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Benson J. Lossing, Pictorial Field Book of the Civil War. Volume 2. 7 1 Browse Search
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Benson J. Lossing, Pictorial Field Book of the Civil War. Volume 2., Chapter 3: military operations in Missouri and Kentucky. (search)
entrance to the harbor of New York. Others of like sympathies took the alarm and fled, some to the Confederate armies or the more southern States, and others to Canada. Among them was John C. Breckinridge, late Vice-President of the Republic, and member of the National Senate; also William Preston, late American Minister to Spain; James B. Clay, a son of Henry Clay; Humphrey Marshall, lately a member Humphrey Marshall. of Congress, and a life-long politician; Captain John Morgan, Judge Thomas Monroe, and others of less note. Breckinridge, Marshall, and Morgan entered the military service of the Confederates. The first two were commissioned brigadier-generals, and the latter became a conspicuous guerrilla chief. Breckinridge became a zealous servant of the Confederates. He issued an address, in which he announced his resignation of his seat in the United States Senate, and in bitter language spoke of the dissolution of the Union, and the atrocious despotism which he alleged
Benson J. Lossing, Pictorial Field Book of the Civil War. Volume 2., Chapter 4: military operations in Western Virginia, and on the sea-coast (search)
, See page 496, volume I. had struck them a severe blow on the spot where Colonel Wallace, first smote them a few months before. See page 518, volume I. Kelly had recovered from his, severe wound, and, with the commission of Brigadier-General, was in command of troops in the autumn, guarding the Baltimore and Ohio Railway along its course through West Virginia. Ascertaining that a; considerable insurgent force, consisting of cavalry, under Colonel Angus McDonald, and militia under Colonel Monroe, was at Romney, preparing for a descent on the railway, he led about twenty-five hundred Ohio and Virginia troops against them, from the New Creek Station, along the route first traversed by Wallace. He came upon the insurgents a few miles from Romney, at three o'clock in the afternoon of the 26th of October, drove in their outposts, and, after a severe contest of about two hours, completely routed them, capturing their three cannon, much of their camp equipage, a large number of prison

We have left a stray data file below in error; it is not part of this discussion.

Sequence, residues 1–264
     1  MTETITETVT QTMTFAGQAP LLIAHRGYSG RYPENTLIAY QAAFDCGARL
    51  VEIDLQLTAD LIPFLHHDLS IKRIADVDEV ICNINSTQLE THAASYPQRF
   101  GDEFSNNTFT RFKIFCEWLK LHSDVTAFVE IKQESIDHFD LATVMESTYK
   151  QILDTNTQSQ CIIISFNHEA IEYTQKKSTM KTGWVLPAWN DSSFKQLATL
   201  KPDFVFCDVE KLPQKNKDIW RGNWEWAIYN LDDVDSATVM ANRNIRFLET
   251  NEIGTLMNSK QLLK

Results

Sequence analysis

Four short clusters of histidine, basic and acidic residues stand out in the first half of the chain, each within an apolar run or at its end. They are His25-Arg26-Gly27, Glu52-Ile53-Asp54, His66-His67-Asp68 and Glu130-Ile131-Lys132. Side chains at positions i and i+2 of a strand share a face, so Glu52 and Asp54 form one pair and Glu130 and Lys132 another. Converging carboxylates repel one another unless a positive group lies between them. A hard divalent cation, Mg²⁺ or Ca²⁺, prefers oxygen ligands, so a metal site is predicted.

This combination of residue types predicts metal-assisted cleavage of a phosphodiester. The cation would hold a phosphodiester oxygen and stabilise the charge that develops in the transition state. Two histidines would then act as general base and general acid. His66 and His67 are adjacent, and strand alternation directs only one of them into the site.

Benson J. Lossing, Pictorial Field Book of the Civil War. Volume 2., Chapter 7: military operations in Missouri, New Mexico, and Eastern Kentucky--capture of Fort Henry. (search)
eston. and before the close of December the arrangement was made, and so-called representatives of that great commonwealth were chosen by the Legislative council Dec. 16, 1861. to seats in the Congress at Richmond. These were: Henry C. Burnett, John Thomas, Thomas L. Burnett, S. H. Ford, Thomas B. Johnson, George W. Ewing. Dr. D. V. White, John M. Elliott, Thomas B. Monroe, and George B. Hodge. On the day when these men were chosen by the Council, two of them — Henry C. Burnett and Thomas Monroe — were sworn in at Richmond as members of the Confederate Senate. Of such usurpers of the political rights of the people, the Confederate Congress, so called, was composed. The people had nothing to do with the matter, and the ridiculous farce did not end here. All through the war, disloyal Kentuckians pretended to represent their noble old State in the supreme council of the conspirators, where they were chosen only, a great portion of that time, by the few Kentuckians in the military
Benson J. Lossing, Pictorial Field Book of the Civil War. Volume 2., Chapter 13: the capture of New Orleans. (search)
. battle with the forts and the ram Manassas, 334. fearful struggle of the Hartford, 335. a desperate naval battle, 336. capture of forts Jackson and St. Philip, 339. excitement in New Orleans, 340. flight of Lovell and his troops, 341. Farragut approaches New Orleans Destruetion of property there, 342. Farragut before the City, 343. folly of the civil authorities impertinence of a French naval Commander, 344. National troops in New Orleans, 345. General Butler and the absurd Mayor Monroe Butler's proclamation, 346. rebellion rebuked and checked, 347. martial law proclaimed concessions to the people, 348. benevolent and Sanitary measures the rebellious spirit of citizens, 349. Butler's famous woman order its effects, 350. a traitor hung Butler's administration, 351. effect of the capture of New Orleans, 352. Ship Island was the place of rendezvous for the naval as well as the land portion of the forces destined for the capture of New Orleans. The naval forc